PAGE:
We are now in Valleyfield Marina-they call it something else in French. It was a long, shallow trek to get into this marina after we left the shipping lane. There is no where for a boat with a 6 1/2 foot draft to anchor, so we ended up in the marina. It was frustrating that they wouldn't answer the VHF radio when we called for a slip, but they did answer the phone and we were able to make arrangements. I'm finding that this French vs English language thing a bit hostile like we're innocent bystanders getting mixed up in a fight that we're not party to. Look, I'll admit it, I don't speak French and I'm not going to try to learn anymore than the simplest terms to get us by. Spanish is what we need to know at home and on our further travels. I'll recognize that there is a unique culture and history here. That's cool, but I'm not privy to the antagonisms of the people of Quebec, so don't take it out on me when I try to communicate in my terrible French. Can't we all just get along?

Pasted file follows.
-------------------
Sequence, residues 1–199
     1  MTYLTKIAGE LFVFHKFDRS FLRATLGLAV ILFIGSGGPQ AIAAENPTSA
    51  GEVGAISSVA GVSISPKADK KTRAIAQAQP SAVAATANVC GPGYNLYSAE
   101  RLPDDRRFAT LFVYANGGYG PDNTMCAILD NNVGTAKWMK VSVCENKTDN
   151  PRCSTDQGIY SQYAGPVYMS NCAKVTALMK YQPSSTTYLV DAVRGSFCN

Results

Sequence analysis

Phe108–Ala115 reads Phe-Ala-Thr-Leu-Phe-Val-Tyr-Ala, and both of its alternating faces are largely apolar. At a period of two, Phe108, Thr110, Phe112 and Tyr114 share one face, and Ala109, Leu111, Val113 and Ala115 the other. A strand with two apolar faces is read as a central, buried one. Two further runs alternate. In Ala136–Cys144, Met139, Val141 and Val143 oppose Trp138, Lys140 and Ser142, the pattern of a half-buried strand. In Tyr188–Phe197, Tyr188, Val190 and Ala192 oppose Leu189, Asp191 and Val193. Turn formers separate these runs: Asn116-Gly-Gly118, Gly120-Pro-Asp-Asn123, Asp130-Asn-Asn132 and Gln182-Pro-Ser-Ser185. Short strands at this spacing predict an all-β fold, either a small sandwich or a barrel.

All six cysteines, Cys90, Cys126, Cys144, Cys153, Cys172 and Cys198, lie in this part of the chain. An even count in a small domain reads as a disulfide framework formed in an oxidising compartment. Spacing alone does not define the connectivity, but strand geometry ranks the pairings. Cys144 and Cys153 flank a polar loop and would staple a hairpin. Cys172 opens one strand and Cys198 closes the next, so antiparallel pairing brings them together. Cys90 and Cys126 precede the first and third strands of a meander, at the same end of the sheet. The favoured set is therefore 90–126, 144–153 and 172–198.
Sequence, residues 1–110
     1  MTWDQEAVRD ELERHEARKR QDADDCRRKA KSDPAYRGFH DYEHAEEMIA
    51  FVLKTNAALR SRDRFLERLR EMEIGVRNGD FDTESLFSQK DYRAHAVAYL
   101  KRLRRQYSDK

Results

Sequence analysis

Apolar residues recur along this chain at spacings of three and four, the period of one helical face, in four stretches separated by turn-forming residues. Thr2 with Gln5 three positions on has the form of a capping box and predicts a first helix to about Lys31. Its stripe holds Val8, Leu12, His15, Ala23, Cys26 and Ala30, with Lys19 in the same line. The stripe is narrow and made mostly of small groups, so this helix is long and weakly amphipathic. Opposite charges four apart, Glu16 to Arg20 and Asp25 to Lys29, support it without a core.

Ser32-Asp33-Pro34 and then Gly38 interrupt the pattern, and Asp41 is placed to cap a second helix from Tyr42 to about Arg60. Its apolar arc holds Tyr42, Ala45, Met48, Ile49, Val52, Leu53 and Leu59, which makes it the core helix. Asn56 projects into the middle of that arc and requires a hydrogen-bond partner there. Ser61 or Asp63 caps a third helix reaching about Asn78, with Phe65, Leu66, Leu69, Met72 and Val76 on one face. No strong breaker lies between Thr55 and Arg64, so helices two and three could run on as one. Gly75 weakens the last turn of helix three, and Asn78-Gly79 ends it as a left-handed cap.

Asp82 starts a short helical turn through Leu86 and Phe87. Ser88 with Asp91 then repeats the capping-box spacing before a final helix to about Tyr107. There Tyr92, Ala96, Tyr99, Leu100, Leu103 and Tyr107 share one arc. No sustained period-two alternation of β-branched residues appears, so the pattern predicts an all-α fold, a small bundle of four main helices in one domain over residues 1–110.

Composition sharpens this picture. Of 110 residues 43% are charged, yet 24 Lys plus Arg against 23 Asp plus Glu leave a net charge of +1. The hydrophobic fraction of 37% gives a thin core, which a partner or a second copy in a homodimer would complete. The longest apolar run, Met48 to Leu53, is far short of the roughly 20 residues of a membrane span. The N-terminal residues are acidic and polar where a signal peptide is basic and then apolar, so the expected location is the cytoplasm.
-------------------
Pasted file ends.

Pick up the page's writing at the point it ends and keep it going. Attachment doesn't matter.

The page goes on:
July 18th We're in Kingston, Ontario and ready to hit the St. Lawrence River, but that will be on tomorrow's agenda. We found ourselves desperate for fresh produce. The frig was looking absolutely empty of anything of nutriciou value with just half a cucumber, one onion, a handful of spinach, some grapes and a few carrots. We sought out the grocery store once we arrived in Kingston and stumbled upon a fantastic farmer's market. The canned goods on the boat can wait for some other desperate time. We're in fresh produce heaven for now.